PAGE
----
This summer, remarkable images were captured on trail cameras at River Partners’ Dos Rios Ranch Preserve in the San Joaquin Valley. Riparian brush rabbits — one of California’s most endangered mammals — have discovered the habitat River Partners built for them, and are making their homes in the restored river landscape.
As testament to the success of our years-long habitat restoration efforts at Dos Rios, this is great news, and a message of hope for endangered species. Over 60% of the cameras we deployed across the site captured images of riparian brush rabbits, indicating that this isn’t just a few individuals but a robust population of animals living entirely within 600 acres of restored riparian forest River Partners has reintroduced at the Preserve.
This habitat did not exist until we planted it in 2014, and it represents almost a doubling of the available habitat for the rabbit within its historic range. There is no doubt that this is a scale of habitat that is suitable for longevity. The rabbits have ample room to thrive.
The rabbits are moving and expanding into new habitats and founding new communities without human intervention. Their autonomy indicates they’re not reliant on us for their survival, so long as the habitat they depend on exists.” — Haley Mirtz, River Partners biologist
Once common along California’s rivers, habitat loss has made the riparian brush rabbit much more vulnerable to survival challenges like predators and major flood events. The great flood of 1997 had such a catastrophic impact on the population that biologists feared the species had gone extinct, but a few animals were found hanging on in remnant habitat near the San Joaquin River. The near-disaster gave biologists a clear picture of the way forward: Help the remaining rabbits establish new populations in restored habitat to increase species resiliency to flooding events.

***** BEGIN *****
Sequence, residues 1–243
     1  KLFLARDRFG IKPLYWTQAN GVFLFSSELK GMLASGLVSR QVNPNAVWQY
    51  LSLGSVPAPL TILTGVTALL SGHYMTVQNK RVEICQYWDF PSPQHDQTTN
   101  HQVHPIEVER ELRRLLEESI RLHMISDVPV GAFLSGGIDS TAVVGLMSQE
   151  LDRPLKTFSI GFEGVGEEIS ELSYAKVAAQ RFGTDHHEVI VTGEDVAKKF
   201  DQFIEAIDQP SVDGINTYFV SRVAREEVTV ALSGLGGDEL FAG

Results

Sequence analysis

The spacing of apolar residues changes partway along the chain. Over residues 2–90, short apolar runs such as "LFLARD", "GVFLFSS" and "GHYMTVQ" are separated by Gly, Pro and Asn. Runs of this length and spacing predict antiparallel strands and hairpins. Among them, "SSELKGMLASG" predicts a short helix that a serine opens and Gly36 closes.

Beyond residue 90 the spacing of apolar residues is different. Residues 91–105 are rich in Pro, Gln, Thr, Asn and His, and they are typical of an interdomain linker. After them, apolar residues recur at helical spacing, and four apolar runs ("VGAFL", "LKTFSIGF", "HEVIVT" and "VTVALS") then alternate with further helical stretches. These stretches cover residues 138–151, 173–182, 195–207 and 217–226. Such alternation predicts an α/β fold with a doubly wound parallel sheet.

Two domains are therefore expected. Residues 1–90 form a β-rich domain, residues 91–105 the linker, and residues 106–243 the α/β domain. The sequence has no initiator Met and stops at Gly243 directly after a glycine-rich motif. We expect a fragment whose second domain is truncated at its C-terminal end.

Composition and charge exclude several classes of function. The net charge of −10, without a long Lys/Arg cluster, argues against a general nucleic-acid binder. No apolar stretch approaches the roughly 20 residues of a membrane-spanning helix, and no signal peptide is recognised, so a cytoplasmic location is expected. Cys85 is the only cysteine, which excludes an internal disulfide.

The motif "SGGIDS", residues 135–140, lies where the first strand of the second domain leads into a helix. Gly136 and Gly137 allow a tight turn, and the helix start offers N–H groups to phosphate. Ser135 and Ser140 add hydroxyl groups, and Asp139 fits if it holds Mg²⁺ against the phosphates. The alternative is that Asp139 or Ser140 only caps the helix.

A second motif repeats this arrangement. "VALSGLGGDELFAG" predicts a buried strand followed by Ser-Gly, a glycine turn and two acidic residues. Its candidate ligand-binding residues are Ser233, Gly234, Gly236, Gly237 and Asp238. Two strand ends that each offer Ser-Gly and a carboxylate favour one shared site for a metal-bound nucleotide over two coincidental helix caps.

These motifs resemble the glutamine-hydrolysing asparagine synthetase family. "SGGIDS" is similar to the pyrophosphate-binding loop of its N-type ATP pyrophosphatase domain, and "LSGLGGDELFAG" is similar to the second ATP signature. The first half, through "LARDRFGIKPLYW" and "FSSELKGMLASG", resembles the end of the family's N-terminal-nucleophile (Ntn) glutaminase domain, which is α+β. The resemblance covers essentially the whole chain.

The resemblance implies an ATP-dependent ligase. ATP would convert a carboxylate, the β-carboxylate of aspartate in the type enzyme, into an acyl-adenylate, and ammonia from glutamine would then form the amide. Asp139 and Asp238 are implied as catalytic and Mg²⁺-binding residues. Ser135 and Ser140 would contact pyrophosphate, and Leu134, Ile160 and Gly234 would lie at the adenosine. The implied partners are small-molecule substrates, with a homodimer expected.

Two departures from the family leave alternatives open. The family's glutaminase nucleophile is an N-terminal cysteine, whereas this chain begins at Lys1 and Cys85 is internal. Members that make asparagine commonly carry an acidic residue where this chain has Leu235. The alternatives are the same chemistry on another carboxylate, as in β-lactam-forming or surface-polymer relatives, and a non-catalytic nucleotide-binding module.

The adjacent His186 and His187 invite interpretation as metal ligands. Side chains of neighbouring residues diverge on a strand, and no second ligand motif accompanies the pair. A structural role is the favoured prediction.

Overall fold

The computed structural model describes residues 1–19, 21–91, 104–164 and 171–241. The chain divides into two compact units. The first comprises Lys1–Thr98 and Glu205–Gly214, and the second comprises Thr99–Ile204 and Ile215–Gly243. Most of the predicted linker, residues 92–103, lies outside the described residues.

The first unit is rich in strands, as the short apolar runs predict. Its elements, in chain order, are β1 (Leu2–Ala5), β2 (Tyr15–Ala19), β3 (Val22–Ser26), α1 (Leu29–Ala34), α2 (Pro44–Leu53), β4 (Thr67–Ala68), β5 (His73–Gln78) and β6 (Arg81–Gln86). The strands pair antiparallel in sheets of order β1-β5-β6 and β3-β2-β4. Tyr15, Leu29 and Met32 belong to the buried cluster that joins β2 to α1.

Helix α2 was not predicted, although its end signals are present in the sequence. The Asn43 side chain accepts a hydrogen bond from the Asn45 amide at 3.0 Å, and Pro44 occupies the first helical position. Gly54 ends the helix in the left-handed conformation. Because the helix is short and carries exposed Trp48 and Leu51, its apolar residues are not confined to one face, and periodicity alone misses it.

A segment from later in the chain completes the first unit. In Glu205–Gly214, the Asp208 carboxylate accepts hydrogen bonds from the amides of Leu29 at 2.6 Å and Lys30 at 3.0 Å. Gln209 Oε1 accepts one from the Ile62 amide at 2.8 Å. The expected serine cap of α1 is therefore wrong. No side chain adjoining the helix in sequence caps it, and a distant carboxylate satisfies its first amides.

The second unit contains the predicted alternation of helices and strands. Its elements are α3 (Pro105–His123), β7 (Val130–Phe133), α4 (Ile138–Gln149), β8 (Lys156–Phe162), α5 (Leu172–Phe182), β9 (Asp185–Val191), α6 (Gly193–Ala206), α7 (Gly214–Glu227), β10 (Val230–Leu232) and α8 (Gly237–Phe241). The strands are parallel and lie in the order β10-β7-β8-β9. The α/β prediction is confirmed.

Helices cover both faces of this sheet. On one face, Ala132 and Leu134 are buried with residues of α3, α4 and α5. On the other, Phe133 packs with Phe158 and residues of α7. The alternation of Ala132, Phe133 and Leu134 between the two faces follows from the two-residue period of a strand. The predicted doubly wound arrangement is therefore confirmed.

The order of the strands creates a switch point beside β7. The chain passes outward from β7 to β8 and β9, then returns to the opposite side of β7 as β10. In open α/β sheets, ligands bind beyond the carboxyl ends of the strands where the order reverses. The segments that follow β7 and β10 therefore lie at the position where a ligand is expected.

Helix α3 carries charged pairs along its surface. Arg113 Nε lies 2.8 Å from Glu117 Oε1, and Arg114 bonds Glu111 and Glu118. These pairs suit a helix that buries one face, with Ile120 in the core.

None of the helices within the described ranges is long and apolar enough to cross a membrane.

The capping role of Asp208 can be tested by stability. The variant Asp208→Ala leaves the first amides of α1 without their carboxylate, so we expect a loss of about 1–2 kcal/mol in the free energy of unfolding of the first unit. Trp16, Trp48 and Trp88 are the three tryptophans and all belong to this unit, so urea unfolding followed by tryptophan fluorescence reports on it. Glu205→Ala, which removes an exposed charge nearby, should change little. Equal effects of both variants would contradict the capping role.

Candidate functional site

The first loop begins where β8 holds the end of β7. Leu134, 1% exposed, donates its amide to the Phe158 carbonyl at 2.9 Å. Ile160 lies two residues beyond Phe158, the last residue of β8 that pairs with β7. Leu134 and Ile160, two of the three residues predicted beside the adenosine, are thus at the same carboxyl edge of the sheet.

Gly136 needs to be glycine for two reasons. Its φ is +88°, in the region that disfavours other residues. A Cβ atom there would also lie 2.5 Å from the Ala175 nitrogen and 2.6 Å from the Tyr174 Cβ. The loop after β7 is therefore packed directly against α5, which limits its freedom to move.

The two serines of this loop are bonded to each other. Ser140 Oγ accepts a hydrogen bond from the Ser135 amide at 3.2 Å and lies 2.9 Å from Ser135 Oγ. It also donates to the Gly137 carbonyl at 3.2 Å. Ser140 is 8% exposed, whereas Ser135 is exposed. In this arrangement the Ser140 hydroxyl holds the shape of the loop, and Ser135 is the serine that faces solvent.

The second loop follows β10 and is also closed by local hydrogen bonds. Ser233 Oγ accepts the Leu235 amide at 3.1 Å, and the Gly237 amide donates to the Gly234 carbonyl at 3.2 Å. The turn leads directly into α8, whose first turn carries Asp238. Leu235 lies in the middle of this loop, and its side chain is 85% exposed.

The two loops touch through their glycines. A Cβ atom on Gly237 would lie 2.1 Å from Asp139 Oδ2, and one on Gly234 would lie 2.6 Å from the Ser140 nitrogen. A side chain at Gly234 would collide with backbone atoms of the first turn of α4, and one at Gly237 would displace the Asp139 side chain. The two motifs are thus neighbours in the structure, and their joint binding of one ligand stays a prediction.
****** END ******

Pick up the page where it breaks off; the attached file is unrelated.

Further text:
Today, River Partners is leading the way for the recovery of California’s most endangered mammal. At Dos Rios, a 2,100-acre restoration site at the confluence of the Tuolumne and San Joaquin Rivers, we’ve created vegetated levees and “bunny mounds” that provide refuge for the animals during flood events. The reappearance of rabbits on the site demonstrates that the new habitat is high-quality and capable of supporting a large number of animals.
“This is a result of the effort of so many in a private-public collaboration to protect this species,” says Erin Hagen, Director of Science at River Partners. “Years of work were invested to acquire and restore this land, and it’s amazing to be able to document the intended outcome: riparian brush rabbits established at Dos Rios Ranch.”
Header photo: Riparian brush rabbit at the San Joaquin River National Wildlife Refuge. Photo courtesy USFWS Pacific Southwest Region. (CC BY 2.0)